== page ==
work as a carpenter, sheetrocker, and guitar-maker. Says
Krakowski of that period, "I styled myself in the mold of the
hard-livin', hitch-hikin', guitar-playin' vagabond-poet. It
worked for me." Then, in 1981, the native Yiddish-speaking
Krakowski, a son of survivors, began documenting Holocaust
survivors on audio-and video-tape -- years before Steven
Spielberg's Survivors of the Shoah project, for which Krakowski
worked in 1994-95.
More recently, Krakowski has
returned to music, his first love. He traces the roots of
-- which contains a dozen Yiddish folk, theater and popular
tunes rearranged by Krakowski variously as rootsy country-,
blues-, and reggae-influenced tunes -- back to his childhood.
"My life did not include music lessons or the New England
Conservatory," says the self-taught guitarist. "It did, however,
include playing with Canadian folk legends Mendelson Joe and
Daisy DeBolt and all-night jams with bluesmaaster Big Joe
Williams. It started even before then -- with my mom's Yiddish
folk songs and Hebrew liturgy, mixed with the sounds of Fats
Domino and the Everly Brothers on the radio."
What is perhaps most surprising
about "Transmigrations" is how effortlessly the Old World
overtones -- the melodies, phrasing, indeed the Yiddish language
itself -- blend with the New World touches -- sinuous electric
guitar leads, chunky Rastafarian rhythms, gospel-style choruses,
Latin dance beats, blues-drenched saxophone solos. In
Krakowski's hands, the combination seems logical and downright
"My sound isn't mere
'pine-reproduction furniture' music. It is not a studied thing.
It is a thing of the heart and soul. This stuff just came out
the way it did due to the 'bridges' I happened to sense in the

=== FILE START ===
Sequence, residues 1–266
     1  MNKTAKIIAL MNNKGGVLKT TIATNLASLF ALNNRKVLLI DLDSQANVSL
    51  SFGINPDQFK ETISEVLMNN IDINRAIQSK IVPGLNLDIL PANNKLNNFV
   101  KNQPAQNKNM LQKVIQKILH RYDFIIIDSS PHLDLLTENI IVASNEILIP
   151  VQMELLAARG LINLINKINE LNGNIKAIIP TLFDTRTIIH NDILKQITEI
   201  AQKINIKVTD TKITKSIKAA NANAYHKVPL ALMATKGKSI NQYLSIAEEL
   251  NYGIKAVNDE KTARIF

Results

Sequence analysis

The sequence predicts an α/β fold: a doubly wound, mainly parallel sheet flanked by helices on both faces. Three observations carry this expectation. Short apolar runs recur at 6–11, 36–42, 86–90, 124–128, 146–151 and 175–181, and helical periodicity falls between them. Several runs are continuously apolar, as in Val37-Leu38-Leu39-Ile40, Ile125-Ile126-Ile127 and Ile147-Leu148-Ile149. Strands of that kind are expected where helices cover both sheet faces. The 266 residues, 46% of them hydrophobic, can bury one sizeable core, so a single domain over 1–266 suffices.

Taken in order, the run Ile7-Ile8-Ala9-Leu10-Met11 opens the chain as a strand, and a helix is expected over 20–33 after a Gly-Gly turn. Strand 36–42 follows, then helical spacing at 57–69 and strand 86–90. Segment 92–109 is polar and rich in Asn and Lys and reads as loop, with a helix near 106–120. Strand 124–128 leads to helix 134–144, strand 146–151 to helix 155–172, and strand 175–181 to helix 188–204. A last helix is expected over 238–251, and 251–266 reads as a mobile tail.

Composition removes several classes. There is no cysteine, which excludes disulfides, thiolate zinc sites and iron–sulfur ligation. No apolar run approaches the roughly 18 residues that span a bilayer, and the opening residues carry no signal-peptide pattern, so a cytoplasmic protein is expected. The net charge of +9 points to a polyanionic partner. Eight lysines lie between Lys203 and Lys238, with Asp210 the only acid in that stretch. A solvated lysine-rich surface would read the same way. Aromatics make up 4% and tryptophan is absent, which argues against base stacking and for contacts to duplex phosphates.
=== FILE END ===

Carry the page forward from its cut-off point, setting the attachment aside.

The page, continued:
songs. I don't groove to those East European grooves. What have
I to do with mazurkas, doinas, quadrilles and polkas -- the
stuff klezmer is based on?
"I dig blues-based music above
anything else. And it took a lifetime to have it all come
together to the point where my experience and evolution both as
a person and musician enabled me to find the bridges in the
songs and the melodies without messing with them or turning it
all into a novelty or a joke.
"I am a transcultural person. I
am as at home in the world of I. B. Singer as I am in the worlds
of Willie Nelson and Bob Marley."
-- Seth Rogovoy
For complete unedited text:
From The Jewish Week, April
3,1998, "Fascinatin' Rhythm"
This CD came out at the end of
last year, but I didn't get to hear it until last week. I'm glad
I finally did because, with some minor reservations, I'm
thoroughly sold on it.
Krakowski, who was born in a
Displaced Persons camp in 1947, grew up in Sweden and Canada,
and he reminds me a lot of two other Canadians, Leonard Cohen
and Neil Young. Like both of them, he has a rather inflexible
vocal instrument but he uses it extremely well, affecting an
incantatory style that suits his material. And like Young, he is
heavily influenced by country and rock. This set takes a dozen
Yiddish tunes, mostly standards, and reinvents them in a
folk-inflected, country-rock vein and, for the most part it
works well. Krakowski's lead guitarist, Jim Armenti, plays some
searing stuff in a style redolent of Richard Thompson, and
Krakowski's haunted vocals carry a dark charge . . .there is
real power here.
-- George Robinson
From DJEMBE Cross Culture ¥
World Music (Denmark)
(download pdf version)
If you say "Yiddish Music" to
people acquainted with so called World Music, you may be more or
less assured of the reply: "Ah, you mean klezmer."
However, it's a fact that klezmer
today is going through much the same crisis that once made New
Orleans Jazz stiffen into Dixieland. Many of today's klezmer
musicians lack in improvisional skills and are actually not
rooted in that wonderfully modulated, almost shimmering,
language that begat it: Yiddish.
Allow me instead to take up the
battle for Wolf Krakowski, a guitarist and blues singer from
Toronto, Canada, now residing in Northampton, Massachusetts, and
firmly anchored in Yiddish. What Krakowski has done with his
debut CD "Transmigrations" is simply to unite those two
traditions: Eastern Jewish culture and the music of
blues-rock-reggae. It may sound risky and would have been so in
the hands of a less conscious and sensitive artist. That it
works out well for Krakowski is of course a consequence of the
fact that he is permeated by just these two strains. Yiddish is